Once I finish the TCP/IP book I'm going to begin drawing out my CCNP:Voice lab requirements and prepare myself to get ready to spend some $$$. I also plan on moving in August and hopefully adding a few simple mods to my car (I drive a Subaru WRX STI) so I probably won't be saving much over the next 3-6 months!

Thursday, June 23, 2011

TCP/IP Vol I Troubleshooting Exercises Chapter 3

This evening I briefly ran through some of the static route configuration exercises. I've been swamped at work lately, working 10-12 hour days seems to be the norm lately. I'm not progressing through this book as fast as I like because of being drained by the time I get home. We will be opening a new remote site soon so I'll be even busier, not to mention we're still knocking out the kinks from upgrading our entire Cisco phone system from version 6/7 to 8.5. There's a weird call transfer issue going on when internal users transfers a caller to another user through UCCX.

Basically a caller will call Internal User A, Internal User A will then put the caller on hold, dial a different UCCX CSQ Trigger (CTI Route Point) which then goes through a queue and then to Internal User B via a random CTI Port. Internal User A then attempts to transfer Internal User B but from the reports I receive about 85% of the time Internal User B receives a fast busy when Internal User A hits the transfer button on their phone. Any suggestions lol?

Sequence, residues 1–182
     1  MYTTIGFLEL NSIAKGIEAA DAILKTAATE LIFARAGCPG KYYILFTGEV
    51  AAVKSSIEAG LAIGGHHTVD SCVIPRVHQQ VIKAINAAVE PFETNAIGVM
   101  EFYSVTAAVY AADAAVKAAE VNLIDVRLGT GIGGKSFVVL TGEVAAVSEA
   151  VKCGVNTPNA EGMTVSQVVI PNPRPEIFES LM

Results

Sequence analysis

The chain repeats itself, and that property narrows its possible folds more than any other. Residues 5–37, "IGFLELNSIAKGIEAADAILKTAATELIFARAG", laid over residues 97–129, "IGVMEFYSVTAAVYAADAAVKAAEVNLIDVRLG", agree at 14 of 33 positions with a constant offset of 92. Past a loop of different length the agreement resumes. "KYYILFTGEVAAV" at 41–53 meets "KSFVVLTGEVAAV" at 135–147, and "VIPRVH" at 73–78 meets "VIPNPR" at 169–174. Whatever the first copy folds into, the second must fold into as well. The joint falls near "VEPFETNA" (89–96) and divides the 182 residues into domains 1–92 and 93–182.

Quick Tip of the day, For those who have the same amount of trouble as me with stack switches booting in the right order. The easiest way is to boot the first switch you want as master completely, then connect the stack cable to the switch(switches) you want to be clients and power them on. Make sure that IOS MATCHES otherwise you'll more than likely run into version mismatch errors like no tomorrow.